It was a recent, natural progression that stemmed from my other commercial voice over work in the industry, especially once the boom in digital audio books from places like Amazon’s Audible started flowing. Suddenly, authors and voice artists had a direct conduit to start partnering up to produce indie audio books. I have a lot of writer friends in the entertainment industry and my first audio book offer fell into my lap that way (I love it when things are that easy!) The main difference between short form and long form recording is that, instead of only have to record one character for a 30 to 60 second radio or television spot, audiobooks can be 50k to 171+k word marathons that can include many, many characters and accents. Audio books are, quite simply, more laborious efforts for the voice artist. Especially since we are responsible for all the editing, mastering, bouncing of files to Audible specifications, etc.

What made you decide to sit down and actually start narration?

The short answer is money. I was offered a gig narrating an audiobook for Audible and there’s a deadline attached to that, so, yeah, I got right down to the business of voicing. And I got hooked after that. I love creating vocal characters, and it comes somewhat easily to me. My first audio book had over twenty-five (25!) speaking characters with accents ranging from British gay man to Scottish reincarnated witch, to an elderly ghost from the Midwest and even a tribal African male.

Do you have a special time to narrate, how is your day structured?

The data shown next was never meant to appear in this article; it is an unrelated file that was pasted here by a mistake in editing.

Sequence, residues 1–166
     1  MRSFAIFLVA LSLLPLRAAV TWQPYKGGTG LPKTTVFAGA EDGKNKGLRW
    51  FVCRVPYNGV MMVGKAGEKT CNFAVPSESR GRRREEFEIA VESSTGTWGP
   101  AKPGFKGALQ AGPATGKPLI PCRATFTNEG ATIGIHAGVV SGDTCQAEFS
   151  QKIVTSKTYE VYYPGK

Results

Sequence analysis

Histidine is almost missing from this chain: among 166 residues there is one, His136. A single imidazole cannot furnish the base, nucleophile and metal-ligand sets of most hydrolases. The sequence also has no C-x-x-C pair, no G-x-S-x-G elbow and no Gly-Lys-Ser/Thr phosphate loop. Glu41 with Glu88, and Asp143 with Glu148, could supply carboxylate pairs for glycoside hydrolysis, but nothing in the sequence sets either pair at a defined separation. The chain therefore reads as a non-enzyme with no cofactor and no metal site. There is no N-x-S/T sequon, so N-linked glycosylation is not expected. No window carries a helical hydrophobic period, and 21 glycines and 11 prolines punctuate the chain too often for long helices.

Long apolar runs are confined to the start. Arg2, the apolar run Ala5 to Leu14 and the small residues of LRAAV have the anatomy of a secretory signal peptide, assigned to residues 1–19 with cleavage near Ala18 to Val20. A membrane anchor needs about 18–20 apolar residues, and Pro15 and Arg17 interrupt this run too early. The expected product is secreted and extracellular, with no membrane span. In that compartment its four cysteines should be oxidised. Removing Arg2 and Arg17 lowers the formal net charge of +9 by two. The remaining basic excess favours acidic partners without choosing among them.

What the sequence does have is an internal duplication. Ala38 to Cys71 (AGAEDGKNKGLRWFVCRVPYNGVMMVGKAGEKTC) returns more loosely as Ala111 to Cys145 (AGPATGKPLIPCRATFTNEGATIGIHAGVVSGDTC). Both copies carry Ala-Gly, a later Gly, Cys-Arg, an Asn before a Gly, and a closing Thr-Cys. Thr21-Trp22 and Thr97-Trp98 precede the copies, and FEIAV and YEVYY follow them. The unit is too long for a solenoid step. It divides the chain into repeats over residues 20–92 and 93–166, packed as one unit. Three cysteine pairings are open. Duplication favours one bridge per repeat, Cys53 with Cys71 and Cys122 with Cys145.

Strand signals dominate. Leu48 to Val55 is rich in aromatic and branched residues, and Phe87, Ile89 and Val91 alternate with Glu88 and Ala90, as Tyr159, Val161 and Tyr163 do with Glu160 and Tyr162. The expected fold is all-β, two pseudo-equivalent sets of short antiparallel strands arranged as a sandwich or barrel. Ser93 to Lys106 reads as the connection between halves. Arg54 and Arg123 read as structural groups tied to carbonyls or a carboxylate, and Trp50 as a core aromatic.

I tend to voice in late day and into the evening when my voice is warmed up from being up and active all late morning and early afternoon. It’s also quieter in the evening, less traffic, no garbage trucks or neighborhood leaf blowers interrupting my recording. I have a very solid booth that keeps my recordings very quiet, but it’s not Fort Knox… a low flying plane or the 24/7 happy yappy poodle next door can mess up recording schedule. I and my partner edit during the morning times, when noise factors aren’t so important.

Do you narrate every day, 5 days a week, or as and when?

When we’re on deadline, unless we have a cold or something (Gasp! Tragedy!), we voice and edit every day. Deadlines are king and they dictate the work schedule. There’s a formula I use to create our “day out of days” as we say in production. It breaks down to how many pages in the whole project divided by how many days we have to voice before deadline. The sum of that equation lets us know how many pages per day we have to voice to stay on schedule.

Do you have a miss matched set of equipment, while you save for better?

My partner, Chris, just happened to have a high end mic… it’s a very great mic for production shooting but it’s a “shotgun” mic, meaning you have to have your mouth dead center on the tip of that pointy mic or else your voice in recording sounds “off center of mic” and the quality isn’t as good. We’d like to get a multi-directional mic like a Neumann. The problem is that we are booked on back to back voice productions until late summer and you don’t want to change microphones mid-way through a project in case the sound differential is too noticeable.

What would be your ideal set up for a narration booth?

We have one! I love it! It could double as a bomb shelter, it’s so solid. My partner has a strong background in building and construction, which is fortunate, and we were able to build our own at a fraction of the cost a lot of narrators have to pay out of pocket. Here’s a link to a little short film of how we made it… and by “we” I actually mean Chris.

Do you work to an outline or plot or do you prefer just see where an idea takes you?

When I write, I work from a loose outline, and then see where the idea takes me. I usually know the beginning and the end and the title from the beginning. The middle bridge is where things get “interesting” for me as a writer.

How do you think you’ve evolved creatively as an actress?

I think with more and more experience I’ve gotten faster at creating characters on the fly. Deadlines are a time pressure business and necessity is the mother of invention… and new voices!

What is the hardest thing about narration?